The same holds true for the cattle and pigs: retailing brings
Sap Bush Hollow far greater income than selling at auction.
The cumulative impact is that the farm operation is solidly
in the black. “We went from a paper loss to declaring
a profit on our farm,” Adele says. “Farmers write
everything off. Well, I’m writing everything off, and
I’m still not using it up.”
The Hayeses still rely on off-farm income to meet all their
family needs. Their long-term goal is for the farm to deliver
about 50 percent of gross sales as income, after all farm
expenses are paid.
“We’d like to be able to pull out $30,000,”
Jim Hayes says. “That’s what we think we need
to live on.”
By developing a detailed, realistic annual budget and conscientiously
sticking to it, Jim and Adele are working toward that goal.
In recent years, they budgeted for a 30 percent return on
gross sales. In 1999, they made 27 percent.
To develop that realistic picture, they follow a simple formula
that they execute thoroughly. They set aside about 30 percent
of the previous year’s sales. Then they estimate all
variable costs — feed, energy, animal costs, processing
costs, vet bills, repairs, fencing, tractor operating costs,
processing equipment — and their mortgage. In estimating
feed costs, they follow commodity prices and try to nail down
as many suppliers as possible. Finally they consider what
capital improvements are needed and build that into the budget.
With all of their land in permanent pastures, erosion is nonexistent.
The Hayeses use no pesticides or synthetic fertilizers, spreading
only composts and manures. Increasingly, they feel their property
is coming back into balance.
As anecdotal evidence of environmental health, Adele lists
indicators her son-in-law, a wildlife biologist, has identified:
“On a summer evening, he can hear five species of owls,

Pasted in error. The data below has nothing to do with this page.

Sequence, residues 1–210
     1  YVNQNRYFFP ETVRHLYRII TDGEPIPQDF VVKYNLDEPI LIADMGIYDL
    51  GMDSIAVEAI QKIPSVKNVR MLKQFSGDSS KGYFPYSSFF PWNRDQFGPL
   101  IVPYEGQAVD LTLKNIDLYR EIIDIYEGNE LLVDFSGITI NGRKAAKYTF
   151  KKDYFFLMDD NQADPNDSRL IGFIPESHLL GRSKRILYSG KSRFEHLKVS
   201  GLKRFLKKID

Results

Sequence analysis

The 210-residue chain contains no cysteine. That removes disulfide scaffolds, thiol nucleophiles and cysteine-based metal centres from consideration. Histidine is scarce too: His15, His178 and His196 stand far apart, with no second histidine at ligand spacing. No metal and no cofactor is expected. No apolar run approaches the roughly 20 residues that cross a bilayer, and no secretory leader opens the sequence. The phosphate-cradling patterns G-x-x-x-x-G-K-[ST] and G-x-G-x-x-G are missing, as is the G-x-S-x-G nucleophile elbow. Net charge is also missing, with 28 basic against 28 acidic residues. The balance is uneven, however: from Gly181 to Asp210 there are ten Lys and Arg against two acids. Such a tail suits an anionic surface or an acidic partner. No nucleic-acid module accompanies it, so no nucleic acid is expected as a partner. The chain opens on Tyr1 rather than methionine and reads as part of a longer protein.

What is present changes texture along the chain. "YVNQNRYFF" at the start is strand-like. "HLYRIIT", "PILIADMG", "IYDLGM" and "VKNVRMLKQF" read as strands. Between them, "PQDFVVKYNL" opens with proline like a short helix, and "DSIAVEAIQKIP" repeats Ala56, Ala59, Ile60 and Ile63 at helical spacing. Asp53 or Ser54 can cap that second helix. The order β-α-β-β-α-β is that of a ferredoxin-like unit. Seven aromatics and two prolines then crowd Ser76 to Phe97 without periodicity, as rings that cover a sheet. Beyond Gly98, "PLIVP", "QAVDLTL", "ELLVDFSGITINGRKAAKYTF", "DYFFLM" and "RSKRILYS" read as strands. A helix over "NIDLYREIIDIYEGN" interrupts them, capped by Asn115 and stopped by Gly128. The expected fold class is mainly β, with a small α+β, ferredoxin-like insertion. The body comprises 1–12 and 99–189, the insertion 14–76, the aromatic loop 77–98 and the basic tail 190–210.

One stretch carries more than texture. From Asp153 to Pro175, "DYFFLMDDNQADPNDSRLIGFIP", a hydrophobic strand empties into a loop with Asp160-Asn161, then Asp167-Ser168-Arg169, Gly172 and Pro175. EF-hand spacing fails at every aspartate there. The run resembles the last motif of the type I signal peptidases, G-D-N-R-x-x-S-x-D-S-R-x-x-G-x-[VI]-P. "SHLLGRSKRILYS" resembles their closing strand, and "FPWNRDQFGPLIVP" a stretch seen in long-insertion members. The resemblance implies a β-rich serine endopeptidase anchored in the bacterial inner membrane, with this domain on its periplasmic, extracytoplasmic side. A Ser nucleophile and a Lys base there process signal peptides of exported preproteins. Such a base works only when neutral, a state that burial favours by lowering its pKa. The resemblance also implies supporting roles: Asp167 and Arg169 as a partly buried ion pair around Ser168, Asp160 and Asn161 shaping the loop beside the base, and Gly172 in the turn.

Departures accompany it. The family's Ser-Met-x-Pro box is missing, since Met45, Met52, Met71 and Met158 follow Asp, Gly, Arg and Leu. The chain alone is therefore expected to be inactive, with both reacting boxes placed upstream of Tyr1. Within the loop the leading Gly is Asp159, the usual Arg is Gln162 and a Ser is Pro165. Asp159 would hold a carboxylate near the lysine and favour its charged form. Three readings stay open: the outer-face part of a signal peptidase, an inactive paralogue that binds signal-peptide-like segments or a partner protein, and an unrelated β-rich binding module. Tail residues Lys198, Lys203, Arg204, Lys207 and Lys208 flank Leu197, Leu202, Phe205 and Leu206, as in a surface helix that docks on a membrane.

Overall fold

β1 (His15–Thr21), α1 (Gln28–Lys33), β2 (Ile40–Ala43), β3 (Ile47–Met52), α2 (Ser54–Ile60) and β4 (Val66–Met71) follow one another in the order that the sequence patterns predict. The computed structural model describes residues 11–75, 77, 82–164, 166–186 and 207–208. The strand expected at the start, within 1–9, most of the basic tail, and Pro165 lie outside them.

indicating a healthy diversity of woodland and edge habitats.
We’ll have a five-inch downpour, and the creek that
runs through the property is running clear by the next morning,
while all the others in the area are cloudy for the next two
Community and Quality of Life Benefits
The Hayeses are conscientious about contributing to the economy
and quality of life of their community. Adele estimates that
Sap Bush Hollow put about $47,000 in just one year into the
local economy, considering their inputs, from fencing and
piping to garden hoses to paying a person to help with processing.
They also are committed to educating other farmers and their
customers. They are welcome to come to the farm and learn
how the animals are raised and experience — both in
the quality of the product and the appearance of the farm
— the benefits of the pasture-based system.
“It gives them a whole new concept of agriculture,”
Adele says. “Everything looks mowed and manicured because
Jim is moving the animals so often. We feel a large part of
our job is to educate.”
In cooperation with the local conservation district and a
local farm and food organization, the Hayeses offer a course
on diversified, sustainable farming. People come for two weekends
and stay at the farm to learn about marketing, planning, fencing,
livestock handling, veterinary care, observation skills and
Adele warns against the temptation of following an early success
in any enterprise with rapid expansion. “I have the
same advice for everybody,” she says. “It’s
the same as cooking a piece of meat on a grill — go
low and slow,” Adele says.
Daughter Shannon and son-in-law Bob live nearby. They make
jellies, baked goods, lip balm, salves and soaps and sell
them at the farm and plan to become more deeply involved in
Neither Adele nor Jim enjoys managing hired labor, and they
feel their current size is a good match for their management
and marketing abilities.
--Photograph by Beth Holtzman